Gerald Holton is Mallinckrodt Research Professor of Physics and Research Professor of the History of Science, Emeritus, at Harvard University.
Born 1922 in Berlin, he grew up in Vienna before emigrating in 1938. He received an electrical engineering certificate from the School of Technology, City of Oxford and then Wesleyan University, where he received B.A. and M.A. degrees.
As a student of Percy Williams Bridgman, he obtained his Ph.D. at Harvard in 1948. His chief interests are in the history and philosophy of science, in the physics of matter at high pressure, and in the study of career paths of young scientists. Along with co-author Gerhard Sonnert he has studied and published works on the gender gap in science studies and careers. In 1952, he published Introduction to Concepts and Theories in Physical Sciences, a seminal work in the development of physics education, which led to Harvard Project Physics, the NSF sponsored national curriculum-development project that he co-directed.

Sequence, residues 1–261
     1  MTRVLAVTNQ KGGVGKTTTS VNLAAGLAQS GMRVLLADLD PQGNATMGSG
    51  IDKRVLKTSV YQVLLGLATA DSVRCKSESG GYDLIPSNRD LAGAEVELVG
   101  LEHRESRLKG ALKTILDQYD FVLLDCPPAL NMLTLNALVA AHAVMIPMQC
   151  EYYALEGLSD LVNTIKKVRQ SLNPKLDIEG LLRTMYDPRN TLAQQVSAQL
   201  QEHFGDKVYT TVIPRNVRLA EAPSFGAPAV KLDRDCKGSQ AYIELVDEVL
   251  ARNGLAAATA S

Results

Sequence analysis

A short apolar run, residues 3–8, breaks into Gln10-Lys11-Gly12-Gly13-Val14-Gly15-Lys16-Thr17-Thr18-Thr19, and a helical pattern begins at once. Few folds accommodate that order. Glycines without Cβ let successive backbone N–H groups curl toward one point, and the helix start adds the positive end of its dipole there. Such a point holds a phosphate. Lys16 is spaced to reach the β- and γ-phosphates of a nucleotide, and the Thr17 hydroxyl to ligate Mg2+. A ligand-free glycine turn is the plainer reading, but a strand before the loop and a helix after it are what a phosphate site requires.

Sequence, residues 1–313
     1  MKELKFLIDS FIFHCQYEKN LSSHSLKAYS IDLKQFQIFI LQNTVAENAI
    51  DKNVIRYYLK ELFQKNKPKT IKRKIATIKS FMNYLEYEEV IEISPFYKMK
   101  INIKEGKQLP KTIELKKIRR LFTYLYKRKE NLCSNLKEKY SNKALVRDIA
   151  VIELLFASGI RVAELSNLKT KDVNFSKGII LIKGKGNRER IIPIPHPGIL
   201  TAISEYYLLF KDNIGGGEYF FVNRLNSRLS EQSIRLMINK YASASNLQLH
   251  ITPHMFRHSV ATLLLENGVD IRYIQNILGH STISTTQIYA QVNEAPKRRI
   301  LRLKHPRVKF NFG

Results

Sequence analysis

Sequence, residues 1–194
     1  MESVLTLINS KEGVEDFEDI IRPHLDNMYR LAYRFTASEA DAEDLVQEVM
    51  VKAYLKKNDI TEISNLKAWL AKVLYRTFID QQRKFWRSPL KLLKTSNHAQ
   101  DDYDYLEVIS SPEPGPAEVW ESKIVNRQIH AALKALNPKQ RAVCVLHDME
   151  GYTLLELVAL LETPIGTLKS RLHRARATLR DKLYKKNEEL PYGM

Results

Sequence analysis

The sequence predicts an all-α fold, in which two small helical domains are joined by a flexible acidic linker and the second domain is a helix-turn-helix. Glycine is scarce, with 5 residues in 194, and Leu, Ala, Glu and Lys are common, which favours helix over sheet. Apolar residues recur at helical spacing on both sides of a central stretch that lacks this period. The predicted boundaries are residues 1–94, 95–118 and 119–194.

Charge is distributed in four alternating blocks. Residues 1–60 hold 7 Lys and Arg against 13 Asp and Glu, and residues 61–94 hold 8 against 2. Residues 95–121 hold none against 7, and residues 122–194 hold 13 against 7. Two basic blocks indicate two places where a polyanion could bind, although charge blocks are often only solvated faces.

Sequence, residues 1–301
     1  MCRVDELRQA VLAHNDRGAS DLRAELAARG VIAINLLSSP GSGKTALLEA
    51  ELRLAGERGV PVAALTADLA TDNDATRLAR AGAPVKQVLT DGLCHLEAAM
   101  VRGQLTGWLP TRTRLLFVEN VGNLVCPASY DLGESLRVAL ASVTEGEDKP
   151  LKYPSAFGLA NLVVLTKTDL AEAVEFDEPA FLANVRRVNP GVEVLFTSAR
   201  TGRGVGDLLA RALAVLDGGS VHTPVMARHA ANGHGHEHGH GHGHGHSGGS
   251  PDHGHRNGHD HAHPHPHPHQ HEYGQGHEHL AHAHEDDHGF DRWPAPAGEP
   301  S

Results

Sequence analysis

Gerald Holton is a Fellow of the American Physical Society, the American Philosophical Society, and the American Academy of Arts and Sciences, as well as several European learned societies. He served as President of the History of Science Society and served on a number of U.S. National Commissions, including those on UNESCO and Excellence on Education. He also served on the board of trustees of Science Service, now known as Society for Science & the Public, from 1972-1978. His book publications include Thematic Origins of Scientific Thought, The Scientific Imagination, Einstein, History and Other Passions, Science and Antiscience, and Victory and Vexation in Science. He is also author, with Gerhard Sonnert, of What Happened to the Children Who Fled from Nazi Persecution.